Our former Director of Government Affairs, Paul Gessing, penned a great op-ed about the so-called “Marketplace Fairness Act,” which is better known as the internet sales tax bill. Opponents of this massive expansion of government power have claimed it is necessary to help the small business community. Paul, however, notes that some small businesses would actually be devastated by the legislation:
One Albuquerque-based business owner has stated he would no longer sell his product online under an Internet taxation regime as set up under the Marketplace Fairness Act. The issue is not an unwillingness to have his consumers “pay their fair share,” but the compliance costs that involve submitting documentation, often on a monthly basis even if his company has no sales in that particular jurisdiction.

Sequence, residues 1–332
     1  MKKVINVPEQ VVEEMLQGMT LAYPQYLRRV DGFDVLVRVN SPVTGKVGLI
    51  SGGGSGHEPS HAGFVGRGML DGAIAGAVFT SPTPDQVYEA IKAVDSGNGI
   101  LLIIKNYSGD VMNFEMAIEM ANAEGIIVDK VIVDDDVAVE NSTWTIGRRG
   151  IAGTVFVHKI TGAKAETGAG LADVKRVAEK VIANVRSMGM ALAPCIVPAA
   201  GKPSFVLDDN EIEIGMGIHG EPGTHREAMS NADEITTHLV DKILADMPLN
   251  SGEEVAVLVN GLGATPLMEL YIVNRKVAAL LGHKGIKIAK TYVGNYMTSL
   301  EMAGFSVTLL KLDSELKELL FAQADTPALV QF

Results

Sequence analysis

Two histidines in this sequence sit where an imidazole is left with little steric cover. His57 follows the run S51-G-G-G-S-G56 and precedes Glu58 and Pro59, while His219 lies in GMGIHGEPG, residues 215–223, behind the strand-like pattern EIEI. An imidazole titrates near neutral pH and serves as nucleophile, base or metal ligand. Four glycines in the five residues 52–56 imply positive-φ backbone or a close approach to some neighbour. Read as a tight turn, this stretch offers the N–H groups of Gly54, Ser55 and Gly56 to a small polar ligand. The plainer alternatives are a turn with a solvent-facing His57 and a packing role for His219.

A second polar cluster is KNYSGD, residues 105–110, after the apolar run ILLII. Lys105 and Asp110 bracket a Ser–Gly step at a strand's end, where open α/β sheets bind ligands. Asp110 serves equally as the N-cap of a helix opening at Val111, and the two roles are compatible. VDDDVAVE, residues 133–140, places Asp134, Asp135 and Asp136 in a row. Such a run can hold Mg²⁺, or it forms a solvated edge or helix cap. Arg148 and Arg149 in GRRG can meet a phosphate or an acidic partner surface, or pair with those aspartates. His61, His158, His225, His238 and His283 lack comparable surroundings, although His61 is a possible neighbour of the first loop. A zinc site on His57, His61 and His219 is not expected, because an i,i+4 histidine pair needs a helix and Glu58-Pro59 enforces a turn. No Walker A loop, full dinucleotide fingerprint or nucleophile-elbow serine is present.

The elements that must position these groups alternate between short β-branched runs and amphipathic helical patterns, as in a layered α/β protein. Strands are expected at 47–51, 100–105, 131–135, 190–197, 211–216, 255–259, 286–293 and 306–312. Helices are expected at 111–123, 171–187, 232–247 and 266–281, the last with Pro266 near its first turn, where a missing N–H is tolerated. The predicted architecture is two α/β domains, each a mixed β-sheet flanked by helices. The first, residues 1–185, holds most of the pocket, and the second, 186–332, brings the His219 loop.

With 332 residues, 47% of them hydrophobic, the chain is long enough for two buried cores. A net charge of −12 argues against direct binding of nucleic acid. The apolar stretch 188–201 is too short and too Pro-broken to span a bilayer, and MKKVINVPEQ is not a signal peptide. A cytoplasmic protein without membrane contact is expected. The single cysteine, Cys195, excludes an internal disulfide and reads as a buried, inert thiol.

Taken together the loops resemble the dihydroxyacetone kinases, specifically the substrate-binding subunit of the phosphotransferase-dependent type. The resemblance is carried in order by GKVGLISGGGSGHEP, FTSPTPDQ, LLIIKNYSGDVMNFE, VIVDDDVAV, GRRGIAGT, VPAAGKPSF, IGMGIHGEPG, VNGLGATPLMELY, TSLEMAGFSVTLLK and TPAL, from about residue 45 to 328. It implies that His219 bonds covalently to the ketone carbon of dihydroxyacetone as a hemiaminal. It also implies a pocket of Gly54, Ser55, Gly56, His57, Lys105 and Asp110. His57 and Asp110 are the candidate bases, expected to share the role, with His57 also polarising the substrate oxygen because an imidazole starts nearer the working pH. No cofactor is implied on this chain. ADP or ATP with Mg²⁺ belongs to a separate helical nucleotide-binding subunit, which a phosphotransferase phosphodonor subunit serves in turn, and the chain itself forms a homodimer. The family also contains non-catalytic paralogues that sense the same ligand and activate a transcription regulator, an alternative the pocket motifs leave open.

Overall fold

He is by no means the only small business owner to face negative repercussions from Congressional overreach on Internet sales. It is one big reason why Ebay, Etsy, and their small, but numerous sellers oppose the Act while the online behemoth Amazon has become one of its primary advocates.
The “Marketplace Fairness Act” isn’t about helping small businesses. Paul pegs the bill for what it really is: an attempt by state tax collectors to get their hands on as much of your money as they possibly can. You can read more about the issue here, here, and here.